161 Bird Box

birdboxby Josh Malerman, 2014

I’m not much of a horror genre reader, but I was intrigued when I heard so many people talking about Bird Box. Set in a world where mysterious creatures roam the earth, one must give up the sense of sight in order to stay sane. No one knows what the creatures are or what they look like, for every person who has set eyes on them has been driven mad, resulting in their violent end. We enter the story some four years after reports of gruesome attacks and ghastly suicides start flooding the news. The day has come when Malorie and her two children, known only as Boy and Girl, must leave their barricaded house and venture out into the world. It is a story as much about the breakdown of society and the lengths one would go to survive as it is about the suspense surrounding these horrific creatures.

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159 Behold the Dreamers

beholdthedreamersby Imbolo Mbue, 2016

Ah, the American Dream: The idea that anyone can come to this country and build their fortune based on merit and hard work alone. Sadly, that dream has proven to be little more than that – a dream – and Jende and Neni Jonga in Behold the Dreamers find this out the hard way. What starts out as a promising change from the poverty of their native Cameroon soon becomes a hell from which they must escape. It is a turn of events that is the fault of no one, but it is one that seems all too common for those hoping to come to America to start over.

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158 Love

loveby Toni Morrison, 2003

Leave it to Toni Morrison to completely turn the idea of the love story on its head. If you were to judge this book by its cover, you’d likely expect the pages to contain something akin to an urban romance. Inside, however, you’ll find that this is a meditation on love in all of its forms – romantic, parental, platonic, envious, destructive – and how it can completely tear a person apart.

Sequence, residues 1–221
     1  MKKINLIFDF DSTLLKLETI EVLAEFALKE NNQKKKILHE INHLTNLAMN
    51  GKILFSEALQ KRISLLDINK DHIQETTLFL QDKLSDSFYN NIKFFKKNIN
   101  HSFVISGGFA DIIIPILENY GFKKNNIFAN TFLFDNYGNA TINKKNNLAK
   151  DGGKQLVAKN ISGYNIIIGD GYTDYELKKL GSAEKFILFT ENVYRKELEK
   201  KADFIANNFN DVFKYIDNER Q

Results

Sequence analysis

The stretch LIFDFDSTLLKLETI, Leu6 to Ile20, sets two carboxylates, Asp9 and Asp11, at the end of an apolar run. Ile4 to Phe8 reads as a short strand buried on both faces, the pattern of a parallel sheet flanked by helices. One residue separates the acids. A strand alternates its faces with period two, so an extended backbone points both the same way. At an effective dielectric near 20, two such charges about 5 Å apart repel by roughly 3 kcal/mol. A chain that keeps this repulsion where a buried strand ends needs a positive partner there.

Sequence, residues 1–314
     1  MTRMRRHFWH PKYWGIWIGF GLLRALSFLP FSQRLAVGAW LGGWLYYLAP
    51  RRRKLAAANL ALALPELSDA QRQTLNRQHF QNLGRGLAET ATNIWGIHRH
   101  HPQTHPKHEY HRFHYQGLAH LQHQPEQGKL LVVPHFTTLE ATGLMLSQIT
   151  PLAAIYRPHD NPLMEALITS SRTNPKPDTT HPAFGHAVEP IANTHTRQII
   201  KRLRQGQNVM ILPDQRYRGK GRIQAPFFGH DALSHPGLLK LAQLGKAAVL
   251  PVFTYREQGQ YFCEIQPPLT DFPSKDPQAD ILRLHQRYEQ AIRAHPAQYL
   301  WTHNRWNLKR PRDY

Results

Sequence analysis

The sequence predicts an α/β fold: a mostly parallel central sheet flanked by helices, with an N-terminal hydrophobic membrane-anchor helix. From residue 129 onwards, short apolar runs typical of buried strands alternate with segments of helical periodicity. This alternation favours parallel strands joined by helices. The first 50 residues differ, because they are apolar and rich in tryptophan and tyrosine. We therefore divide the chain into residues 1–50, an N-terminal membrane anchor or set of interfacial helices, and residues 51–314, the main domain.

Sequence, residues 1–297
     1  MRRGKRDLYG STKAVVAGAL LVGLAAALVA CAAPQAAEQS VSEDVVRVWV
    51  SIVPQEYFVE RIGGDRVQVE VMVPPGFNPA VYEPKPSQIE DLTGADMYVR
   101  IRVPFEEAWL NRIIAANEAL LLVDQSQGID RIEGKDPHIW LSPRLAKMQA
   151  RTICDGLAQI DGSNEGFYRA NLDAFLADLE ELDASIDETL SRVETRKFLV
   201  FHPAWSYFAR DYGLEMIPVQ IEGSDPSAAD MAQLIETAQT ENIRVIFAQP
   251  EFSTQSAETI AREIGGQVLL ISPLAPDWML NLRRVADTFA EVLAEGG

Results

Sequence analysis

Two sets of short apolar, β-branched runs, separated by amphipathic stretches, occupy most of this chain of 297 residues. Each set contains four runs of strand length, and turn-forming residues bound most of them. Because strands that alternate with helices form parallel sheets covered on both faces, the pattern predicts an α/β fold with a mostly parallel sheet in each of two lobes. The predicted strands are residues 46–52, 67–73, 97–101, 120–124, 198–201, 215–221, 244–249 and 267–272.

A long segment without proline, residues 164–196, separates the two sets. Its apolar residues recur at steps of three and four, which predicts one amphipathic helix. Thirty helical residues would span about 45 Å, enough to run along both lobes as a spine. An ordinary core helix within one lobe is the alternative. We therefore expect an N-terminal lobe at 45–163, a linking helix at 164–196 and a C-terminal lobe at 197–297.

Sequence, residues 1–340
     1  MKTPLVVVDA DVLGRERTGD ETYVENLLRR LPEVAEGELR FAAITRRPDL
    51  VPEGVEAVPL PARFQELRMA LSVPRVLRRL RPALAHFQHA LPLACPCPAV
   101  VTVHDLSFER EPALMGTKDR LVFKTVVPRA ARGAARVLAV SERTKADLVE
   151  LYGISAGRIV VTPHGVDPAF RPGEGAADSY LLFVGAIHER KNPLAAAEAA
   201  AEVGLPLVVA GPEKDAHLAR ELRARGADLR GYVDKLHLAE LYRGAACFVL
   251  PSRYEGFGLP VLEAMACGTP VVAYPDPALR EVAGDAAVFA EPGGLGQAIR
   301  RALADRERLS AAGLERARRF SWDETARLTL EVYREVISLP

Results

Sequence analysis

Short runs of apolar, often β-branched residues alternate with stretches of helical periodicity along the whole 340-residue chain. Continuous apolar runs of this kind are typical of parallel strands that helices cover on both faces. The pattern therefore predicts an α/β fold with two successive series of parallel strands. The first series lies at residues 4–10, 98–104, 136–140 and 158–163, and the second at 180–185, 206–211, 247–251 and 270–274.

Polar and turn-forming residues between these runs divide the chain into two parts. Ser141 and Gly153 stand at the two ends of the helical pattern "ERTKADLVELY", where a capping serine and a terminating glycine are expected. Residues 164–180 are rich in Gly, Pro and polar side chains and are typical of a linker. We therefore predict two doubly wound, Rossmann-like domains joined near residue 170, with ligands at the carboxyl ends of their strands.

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157 Thirteen Reasons Why

13reasonsby Jay Asher, 2007
narrated by Debra Wiseman and Joel Johnstone

I am both surprised and disappointed by Thirteen Reasons Why. I didn’t know much about the book coming into it, other than that it dealt with the suicide of a teenage girl, and the Netflix show, which I haven’t seen, has come under fire for inspiring an increase in teenage suicides. I’m not equipped to comment on whether the book idealizes suicide or makes it seem like suicide is nothing more than an overreaction to some unfortunate events. I’m fortunate to have not had to deal with depression or suicidal thoughts, but I believe those who question the book’s portrayal of this very serious topic. I am equipped, however, to comment on the book’s secondary topics, the ones that directly contributes to Hannah Baker’s suicide: sexual harassment, sexual assault, and female objectification.

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156 The Girl with the Dragon Tattoo

dragontattooby Stieg Larsson, 2005
narrated by Simon Vance

Years ago when it first became popular, I tried to read the first book in the Millennium Trilogy. I ambitiously attempted to read it in Spanish, figuring that if I were going to read a translated work, I might as well sharpen my Spanish skills while I was at it. It wasn’t long before I gave up, and I assumed that my Spanish simply wasn’t up to snuff. Then I borrowed it from the library in English and, well, quickly gave up, too. I was bored. Not only did I not understand the financial stuff, I didn’t care. It was only when I was searching for my next audiobook to accompany me on my commute, and found every book I wanted to read had a waitlist, that I decided to give this another shot. Surprisingly, I’m glad I did.

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155 John Adams

johnadamsby David McCullough, 2001

In this second presidential biography, David McCullough provides a sweeping narrative of John Adams’s life. History seems to have largely forgotten Adams – there are no monuments to his name, his birthday is not a national holiday, his face does not appear on any form of currency. McCullough’s biography attempts to correct that mistake, giving modern readers a thorough account not just of his presidency, but all that he accomplished in the years leading up to it. If, at times, I felt a bit fatigued by the extent of McCullough’s detail, this was made up for by the fact that his life contained as much drama as, well, an HBO miniseries.

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